We’ve just signed the petition of Noel Castillo of Batangas, which is being propagated by that fantastic crusader for reforms through petitions–Change.org.
The petition is for the top honchos of the Philippine Veterans Affairs Office (PVAO) to assign dedicated personnel to answer its hotline number.
The campaign for signatures is in Tagalog. It begins by explaining to the citizen being asked to sign it that—“Buong araw na walang sumasagot o lagi na lang busy kapag tumatawag ang mga World War II Veterans sa Philippine Veterans Affairs Office o PVAO hotline. Minsan kailangan nilang tanungin kung saang mga ospital pupwedeng magpagamot o bakit may buwang di dumadating ang kanilang pensyon. Higit 80-taong gulang na sila, pati na rin ang mga naiwan nilang asawa. Karamihan, sa tawag sa telepono, hindi sa PVAO website, sila umaasa kumuha ng impormasyon. Yan tuloy, napipilitan ang ibang baybayin ang PVAO office sa Manila kahit ugod-ugod na. Hahayaan mo bang magpatuloy ito?”
Translation: “The whole day no one answers phone calls made by World War II veterans to the hotline of the Philippine Veterans Office or PVAO or the number is always busy. Sometimes they need to ask which hospital they should go to for treatment or why there are months when their pensions don’t arrive. They are more than 80 years old, as are the veterans’ widows. Most depend on the telephone, not the PVAO website, get information. As a result of the unattended and busy hotline, some are forced to take the journey to the PVAO office in Manila, even if they can hardly walk. Would you let this situation go on?”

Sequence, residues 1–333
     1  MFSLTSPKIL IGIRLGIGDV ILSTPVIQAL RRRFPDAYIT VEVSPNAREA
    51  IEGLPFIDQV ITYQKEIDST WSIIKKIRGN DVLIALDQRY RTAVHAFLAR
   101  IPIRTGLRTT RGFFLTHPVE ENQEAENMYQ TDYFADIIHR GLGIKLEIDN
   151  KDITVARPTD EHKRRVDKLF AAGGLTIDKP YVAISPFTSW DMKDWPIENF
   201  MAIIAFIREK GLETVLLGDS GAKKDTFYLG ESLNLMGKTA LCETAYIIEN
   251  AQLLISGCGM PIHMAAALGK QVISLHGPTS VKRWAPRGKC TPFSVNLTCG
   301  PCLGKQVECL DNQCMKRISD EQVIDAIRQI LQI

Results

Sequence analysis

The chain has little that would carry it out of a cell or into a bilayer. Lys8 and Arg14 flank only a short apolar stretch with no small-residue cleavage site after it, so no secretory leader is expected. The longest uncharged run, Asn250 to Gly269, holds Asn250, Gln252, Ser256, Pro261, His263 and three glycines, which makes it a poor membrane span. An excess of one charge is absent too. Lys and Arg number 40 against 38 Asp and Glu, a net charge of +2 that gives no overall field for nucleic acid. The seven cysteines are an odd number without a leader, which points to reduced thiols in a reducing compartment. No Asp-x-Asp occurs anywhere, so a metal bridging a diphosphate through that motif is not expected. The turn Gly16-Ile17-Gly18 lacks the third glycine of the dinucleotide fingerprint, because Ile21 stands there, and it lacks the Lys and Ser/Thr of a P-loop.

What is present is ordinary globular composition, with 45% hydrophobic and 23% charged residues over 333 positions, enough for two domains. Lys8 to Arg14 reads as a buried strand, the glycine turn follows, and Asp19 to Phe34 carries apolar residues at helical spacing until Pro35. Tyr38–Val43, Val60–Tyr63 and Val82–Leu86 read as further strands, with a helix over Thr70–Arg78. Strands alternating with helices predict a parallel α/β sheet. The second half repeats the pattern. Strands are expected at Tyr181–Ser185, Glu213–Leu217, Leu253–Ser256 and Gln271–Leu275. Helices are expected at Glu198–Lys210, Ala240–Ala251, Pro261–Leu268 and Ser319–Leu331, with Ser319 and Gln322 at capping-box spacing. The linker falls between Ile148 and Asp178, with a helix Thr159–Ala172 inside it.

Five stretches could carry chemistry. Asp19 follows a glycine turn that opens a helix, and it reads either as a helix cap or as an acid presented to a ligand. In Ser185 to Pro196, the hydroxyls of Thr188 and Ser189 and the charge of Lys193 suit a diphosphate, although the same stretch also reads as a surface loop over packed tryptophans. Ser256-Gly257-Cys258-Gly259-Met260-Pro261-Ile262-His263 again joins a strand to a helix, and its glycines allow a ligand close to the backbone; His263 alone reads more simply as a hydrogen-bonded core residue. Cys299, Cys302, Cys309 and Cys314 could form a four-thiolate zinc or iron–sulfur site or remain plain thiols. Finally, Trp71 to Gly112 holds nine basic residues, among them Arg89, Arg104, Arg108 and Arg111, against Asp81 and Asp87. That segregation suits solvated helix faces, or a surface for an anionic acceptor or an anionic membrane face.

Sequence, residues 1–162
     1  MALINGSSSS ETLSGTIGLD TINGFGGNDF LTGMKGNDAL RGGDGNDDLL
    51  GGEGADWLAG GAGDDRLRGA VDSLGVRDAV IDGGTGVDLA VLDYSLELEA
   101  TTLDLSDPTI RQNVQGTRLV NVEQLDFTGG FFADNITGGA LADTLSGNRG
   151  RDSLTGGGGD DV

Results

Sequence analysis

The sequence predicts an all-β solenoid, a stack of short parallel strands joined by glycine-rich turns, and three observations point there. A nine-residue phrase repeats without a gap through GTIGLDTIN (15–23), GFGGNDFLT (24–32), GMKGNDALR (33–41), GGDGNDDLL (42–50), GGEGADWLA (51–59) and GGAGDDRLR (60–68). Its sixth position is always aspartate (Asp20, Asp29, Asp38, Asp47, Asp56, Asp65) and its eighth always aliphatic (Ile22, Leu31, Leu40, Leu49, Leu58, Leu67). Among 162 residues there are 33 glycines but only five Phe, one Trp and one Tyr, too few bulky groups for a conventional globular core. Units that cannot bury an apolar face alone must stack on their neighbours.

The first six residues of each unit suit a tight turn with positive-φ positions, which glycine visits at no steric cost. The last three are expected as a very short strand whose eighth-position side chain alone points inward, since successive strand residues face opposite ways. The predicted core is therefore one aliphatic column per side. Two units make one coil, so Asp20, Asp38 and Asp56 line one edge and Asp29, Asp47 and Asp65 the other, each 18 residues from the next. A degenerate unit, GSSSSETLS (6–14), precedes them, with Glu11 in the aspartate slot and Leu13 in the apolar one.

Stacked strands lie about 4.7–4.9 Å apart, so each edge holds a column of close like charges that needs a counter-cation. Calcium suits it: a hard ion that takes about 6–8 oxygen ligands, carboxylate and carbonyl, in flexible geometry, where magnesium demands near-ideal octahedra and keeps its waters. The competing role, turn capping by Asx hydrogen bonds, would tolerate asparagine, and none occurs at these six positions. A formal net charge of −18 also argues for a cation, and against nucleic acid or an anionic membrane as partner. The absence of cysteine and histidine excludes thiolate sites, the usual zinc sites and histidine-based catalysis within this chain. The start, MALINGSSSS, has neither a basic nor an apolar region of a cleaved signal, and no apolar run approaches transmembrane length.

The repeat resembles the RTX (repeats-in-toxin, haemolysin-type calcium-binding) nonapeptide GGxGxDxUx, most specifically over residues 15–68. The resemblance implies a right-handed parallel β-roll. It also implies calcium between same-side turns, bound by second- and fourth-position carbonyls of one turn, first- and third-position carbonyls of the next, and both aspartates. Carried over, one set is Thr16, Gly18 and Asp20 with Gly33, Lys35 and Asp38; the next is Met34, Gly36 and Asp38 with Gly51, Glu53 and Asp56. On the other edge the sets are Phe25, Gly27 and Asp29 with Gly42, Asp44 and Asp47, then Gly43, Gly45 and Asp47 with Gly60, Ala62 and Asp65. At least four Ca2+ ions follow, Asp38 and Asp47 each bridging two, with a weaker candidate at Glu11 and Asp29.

Some 2,535 supporters have signed the petition as of this writing. 2,465 more signatures are needed.
The petition for “Dedicated personnel for PVAO hotline because no one answers the phone” is addressed to PVAO Administrator Lt. Gen. Ernesto G. Carolina (Philippine Veteran Affairs Office).
The petition also explains that the Philippine Veterans Affairs Office is the government agency whose primary task is to serve as the instrument for taking care of the interests and well-being of the WW II veterans, their widows and orphans.
It’s known to many that the Second World War happened in the 1940s. If one was a soldier at that time, his age now would be more or less 90.
The PVAO office is therefore mandated to serve are really in their twilight years.
This is why the petitioner are appealing to the PVAO management led by Administrator Lt. Gen. Ernesto G. Carolina (AFT) Ret, that personnel be placed to answer their advertised hotline, which always rings unanswered and something be done about the telephones that are always busy—even if you spend the whole day dialing.
The WW II veterans or the widows of veterans seeking information and assistance are so old–they are at death’s door. Traveling to the PVAO office is a suffering for them.
But many of them have to undergo the pain of visiting the PVAO office.
Another request is to please have hotlines open even after office hours.
The PVAO’s vision statement sees itself as “A dynamic, committed and effective organization imbued with the highest standards of integrity, competence and professionalism in delivering benefits and services to all veterans and their beneficiaries, promoting their general welfare and immortalizing the veterans’ heroic deed.”
May the highest officials, President Aquino, the commander in chief, and the Defense Secretary Voltaire Gasmin, and other influential officials notice this plea and favor it with their endorsement to Gen. Carolina.
Readers of the Times who wish to sign the petition and send it to their friends should go to Change.org.